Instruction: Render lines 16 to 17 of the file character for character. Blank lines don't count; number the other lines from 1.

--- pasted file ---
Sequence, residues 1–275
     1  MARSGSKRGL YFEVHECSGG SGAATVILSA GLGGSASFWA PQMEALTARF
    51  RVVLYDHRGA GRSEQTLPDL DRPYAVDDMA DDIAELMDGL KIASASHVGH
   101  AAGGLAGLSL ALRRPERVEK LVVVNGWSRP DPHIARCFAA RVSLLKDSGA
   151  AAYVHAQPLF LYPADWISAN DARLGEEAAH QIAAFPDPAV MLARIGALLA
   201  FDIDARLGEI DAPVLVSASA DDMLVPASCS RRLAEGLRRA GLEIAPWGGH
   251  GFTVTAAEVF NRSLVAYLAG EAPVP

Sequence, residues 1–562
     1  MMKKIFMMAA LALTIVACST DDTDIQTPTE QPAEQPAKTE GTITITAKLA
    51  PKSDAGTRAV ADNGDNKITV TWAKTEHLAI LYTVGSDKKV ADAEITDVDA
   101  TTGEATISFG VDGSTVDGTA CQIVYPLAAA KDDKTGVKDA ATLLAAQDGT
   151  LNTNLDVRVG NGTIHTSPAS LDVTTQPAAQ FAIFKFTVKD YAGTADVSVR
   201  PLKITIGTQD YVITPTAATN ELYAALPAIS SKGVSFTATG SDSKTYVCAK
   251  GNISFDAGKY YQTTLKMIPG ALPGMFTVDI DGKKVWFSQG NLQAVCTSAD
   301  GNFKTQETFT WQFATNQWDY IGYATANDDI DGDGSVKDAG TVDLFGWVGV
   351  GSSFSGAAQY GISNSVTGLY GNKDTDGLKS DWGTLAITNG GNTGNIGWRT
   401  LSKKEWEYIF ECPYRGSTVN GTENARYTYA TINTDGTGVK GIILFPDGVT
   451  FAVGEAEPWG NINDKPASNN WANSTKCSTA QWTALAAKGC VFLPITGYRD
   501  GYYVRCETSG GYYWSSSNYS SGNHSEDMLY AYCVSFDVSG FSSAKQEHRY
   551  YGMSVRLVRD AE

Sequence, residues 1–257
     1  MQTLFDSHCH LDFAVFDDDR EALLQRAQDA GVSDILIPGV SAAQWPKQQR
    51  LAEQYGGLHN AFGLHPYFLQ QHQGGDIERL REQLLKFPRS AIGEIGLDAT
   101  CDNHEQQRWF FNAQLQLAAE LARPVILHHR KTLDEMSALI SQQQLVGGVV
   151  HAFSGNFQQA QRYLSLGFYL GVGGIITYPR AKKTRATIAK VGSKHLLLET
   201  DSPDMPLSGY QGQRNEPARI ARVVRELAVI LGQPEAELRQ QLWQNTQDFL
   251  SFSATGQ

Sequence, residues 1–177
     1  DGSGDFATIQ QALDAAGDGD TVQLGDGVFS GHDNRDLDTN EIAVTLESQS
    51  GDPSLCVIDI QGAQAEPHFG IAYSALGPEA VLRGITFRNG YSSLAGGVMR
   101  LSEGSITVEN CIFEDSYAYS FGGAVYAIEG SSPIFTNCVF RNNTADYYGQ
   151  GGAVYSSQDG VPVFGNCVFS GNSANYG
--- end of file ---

   351  GSSFSGAAQY GISNSVTGLY GNKDTDGLKS DWGTLAITNG GNTGNIGWRT
   401  LSKKEWEYIF ECPYRGSTVN GTENARYTYA TINTDGTGVK GIILFPDGVT